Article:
However, for all that I think it is fair to say that there is consensus across the sector currently violently agreeing that performance isn’t good enough right now.  One additional interpretation is that the draft determination agrees and could be interpreted as showing ORR doesn’t yet have full faith in Network Rail's bottom-up performance planning capability, while equally Network Rail could be forgiven for having misgivings about the usefulness of top-down goal-seeking

The ORR accepts that fewer asset renewals will be conducted over the next five years. It does not see this giving rise to "undue concerns for asset safety or performance" on the basis that "risks are fully assessed and managed". It then suggests that the Strategic Business Plan has not yet adequately recognised the needs of some key assets, which could imply that capability around risk identification and management might need to change as well as the conclusions reached.  

Though the ORR proposes shifting £550 million to core renewals, there will remain an increased burden on maintenance activities and operating protocols to ensure asset condition, mitigate risks, and reduce impacts. The expectation of busier maintenance teams and agile response teams becomes clear. Similarly, there might be an expectation of an increase in the number of speed restrictions, something the industry has long battled to reduce since the days of Hatfield and Gauge Corner Cracking recovery.

In terms of the commercial framework, we see the ORR continuing to endorse freight operators facing access charges that are more reflective of the costs of their use of the network. Open Access Operators appear to be supported through holding the Infrastructure Cost Charge "broadly constant in real terms". The ORR also acknowledges reform and the potential for removal of the merry-go-round of Schedule 8 incentive payments for Train Operators contracted by a future Great British Railways.

So what are the implications of such determination?

Steer colleagues and I shall enjoy devouring the details of the draft determination, but it seems clear to this reader that there will be an increasing urgency for change. The challenges reviewed by the Williams Rail Review remain, and the Strategic Business Plan and this draft determination indicate that there are more challenges, risks, and issues ahead.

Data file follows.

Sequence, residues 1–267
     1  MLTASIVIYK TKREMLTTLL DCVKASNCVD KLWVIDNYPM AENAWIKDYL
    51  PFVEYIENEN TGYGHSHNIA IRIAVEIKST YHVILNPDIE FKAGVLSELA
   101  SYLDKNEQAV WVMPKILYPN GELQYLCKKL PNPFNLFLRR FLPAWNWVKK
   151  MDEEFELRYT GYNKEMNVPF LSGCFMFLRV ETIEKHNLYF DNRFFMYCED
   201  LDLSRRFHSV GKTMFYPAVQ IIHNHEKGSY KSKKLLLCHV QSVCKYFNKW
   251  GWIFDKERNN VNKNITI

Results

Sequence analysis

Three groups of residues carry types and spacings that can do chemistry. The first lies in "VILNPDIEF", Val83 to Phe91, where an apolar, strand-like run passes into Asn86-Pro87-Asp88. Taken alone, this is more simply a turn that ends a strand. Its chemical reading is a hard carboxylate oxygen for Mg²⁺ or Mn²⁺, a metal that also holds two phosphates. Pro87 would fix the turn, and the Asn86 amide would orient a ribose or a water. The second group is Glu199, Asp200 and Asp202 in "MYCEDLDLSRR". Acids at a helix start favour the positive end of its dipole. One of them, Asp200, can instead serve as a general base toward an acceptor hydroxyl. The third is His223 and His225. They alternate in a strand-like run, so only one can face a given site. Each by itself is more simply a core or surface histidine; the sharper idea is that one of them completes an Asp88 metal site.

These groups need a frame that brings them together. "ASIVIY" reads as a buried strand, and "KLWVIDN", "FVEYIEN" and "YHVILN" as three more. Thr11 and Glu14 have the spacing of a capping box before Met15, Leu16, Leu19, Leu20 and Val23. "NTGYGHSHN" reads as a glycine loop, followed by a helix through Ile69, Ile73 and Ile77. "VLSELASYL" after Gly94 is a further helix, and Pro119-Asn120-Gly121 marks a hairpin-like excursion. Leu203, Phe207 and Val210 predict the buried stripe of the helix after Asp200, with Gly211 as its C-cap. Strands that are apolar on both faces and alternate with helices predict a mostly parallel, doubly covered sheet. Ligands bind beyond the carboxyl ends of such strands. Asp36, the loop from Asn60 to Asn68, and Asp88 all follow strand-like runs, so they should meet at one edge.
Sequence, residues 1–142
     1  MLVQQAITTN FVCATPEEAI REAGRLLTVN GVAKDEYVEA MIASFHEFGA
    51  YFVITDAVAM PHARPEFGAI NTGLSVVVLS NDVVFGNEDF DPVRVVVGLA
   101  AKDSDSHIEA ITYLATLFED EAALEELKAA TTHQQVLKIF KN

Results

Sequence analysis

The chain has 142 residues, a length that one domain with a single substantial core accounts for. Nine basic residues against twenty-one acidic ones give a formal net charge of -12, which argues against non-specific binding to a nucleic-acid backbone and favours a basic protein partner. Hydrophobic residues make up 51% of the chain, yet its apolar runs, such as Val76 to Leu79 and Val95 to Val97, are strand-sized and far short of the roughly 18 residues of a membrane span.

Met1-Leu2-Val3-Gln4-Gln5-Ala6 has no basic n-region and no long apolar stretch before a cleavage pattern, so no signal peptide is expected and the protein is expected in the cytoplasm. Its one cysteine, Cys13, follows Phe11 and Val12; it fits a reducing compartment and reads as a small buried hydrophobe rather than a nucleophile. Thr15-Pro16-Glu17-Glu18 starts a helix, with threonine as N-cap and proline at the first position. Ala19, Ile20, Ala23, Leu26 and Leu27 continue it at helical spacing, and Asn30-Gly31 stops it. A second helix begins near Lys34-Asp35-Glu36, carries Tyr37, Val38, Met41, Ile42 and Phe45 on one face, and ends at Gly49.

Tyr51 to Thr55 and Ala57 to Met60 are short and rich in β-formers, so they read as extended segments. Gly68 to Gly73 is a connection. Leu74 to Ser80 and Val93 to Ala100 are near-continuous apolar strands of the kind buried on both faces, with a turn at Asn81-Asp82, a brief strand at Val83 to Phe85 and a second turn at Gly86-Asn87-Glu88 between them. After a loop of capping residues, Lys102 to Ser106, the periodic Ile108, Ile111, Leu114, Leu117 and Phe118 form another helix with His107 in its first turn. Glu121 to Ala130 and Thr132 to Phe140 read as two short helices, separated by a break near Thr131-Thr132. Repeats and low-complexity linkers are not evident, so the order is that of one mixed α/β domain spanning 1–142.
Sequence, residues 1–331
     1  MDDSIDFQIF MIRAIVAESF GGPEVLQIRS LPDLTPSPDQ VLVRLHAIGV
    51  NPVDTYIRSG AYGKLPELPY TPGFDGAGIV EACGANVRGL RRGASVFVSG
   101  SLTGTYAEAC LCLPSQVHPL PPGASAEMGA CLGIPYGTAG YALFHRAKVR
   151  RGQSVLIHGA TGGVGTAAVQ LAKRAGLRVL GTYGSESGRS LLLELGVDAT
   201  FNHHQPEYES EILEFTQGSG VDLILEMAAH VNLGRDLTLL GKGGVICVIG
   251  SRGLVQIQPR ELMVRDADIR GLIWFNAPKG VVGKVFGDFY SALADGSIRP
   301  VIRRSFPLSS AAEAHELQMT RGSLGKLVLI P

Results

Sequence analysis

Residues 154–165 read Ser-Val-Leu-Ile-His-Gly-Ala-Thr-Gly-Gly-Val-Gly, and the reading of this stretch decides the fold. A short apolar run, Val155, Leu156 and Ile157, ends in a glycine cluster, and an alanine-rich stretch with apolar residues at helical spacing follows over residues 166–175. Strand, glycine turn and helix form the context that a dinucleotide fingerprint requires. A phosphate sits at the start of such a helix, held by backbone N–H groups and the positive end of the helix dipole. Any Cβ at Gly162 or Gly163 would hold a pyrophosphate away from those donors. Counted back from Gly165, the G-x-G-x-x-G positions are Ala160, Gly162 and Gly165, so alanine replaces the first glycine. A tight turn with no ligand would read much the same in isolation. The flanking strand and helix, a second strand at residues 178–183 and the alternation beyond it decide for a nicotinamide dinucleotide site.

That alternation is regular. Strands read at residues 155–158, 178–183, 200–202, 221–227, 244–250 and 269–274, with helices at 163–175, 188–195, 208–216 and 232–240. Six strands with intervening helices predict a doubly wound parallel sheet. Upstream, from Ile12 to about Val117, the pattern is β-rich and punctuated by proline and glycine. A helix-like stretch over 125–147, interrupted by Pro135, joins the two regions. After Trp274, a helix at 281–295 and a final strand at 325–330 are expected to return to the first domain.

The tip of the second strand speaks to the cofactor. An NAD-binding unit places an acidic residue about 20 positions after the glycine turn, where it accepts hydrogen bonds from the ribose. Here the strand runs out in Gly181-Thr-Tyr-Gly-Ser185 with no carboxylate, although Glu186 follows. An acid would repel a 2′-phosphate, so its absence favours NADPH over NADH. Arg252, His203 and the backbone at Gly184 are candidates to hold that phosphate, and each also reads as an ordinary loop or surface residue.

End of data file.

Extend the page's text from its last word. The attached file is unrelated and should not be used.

In the coming months, Network Rail will need to make decisions about such instrumental things such as the Industry Timetable Technical Strategy (ITTS) and the implementation of the Better Timetables for Passenger and Freight (BTPF). 

However, the wider implications through CP7 imply to me:

  • increased knowledge and confidence of asset condition and performance under a range of different scenarios
  • the willingness to identify and make trade-offs on costs and benefits across assets, geography, and wider railway system
  • the evolution of an increasingly agile, skilled and entrepreneurial workforce across the sector to respond to opportunities and manage emerging risks
  • effectiveness to drive forward change, project delivery and decision-making to realise benefits sooner and drive out wasted time, effort and energy
  • a harder, more agile, and commonly shared focus on taking care of the users of passenger and freight rail services through the 'thick and thin' of what the future holds.

The draft determination and the plan it reviewed set out a challenging forward scenario for the railway over the next five years. Those of us working in the sector will need to change and adapt to deliver it. We cannot fail because it is unlikely that the ask for the next control period will be more benign.

...funding for CP7 is constrained relative to the needs of the asset renewal cycle. This requires Network Rail to make choices about how expenditure should be prioritised to deliver best value for the railway now and in the future.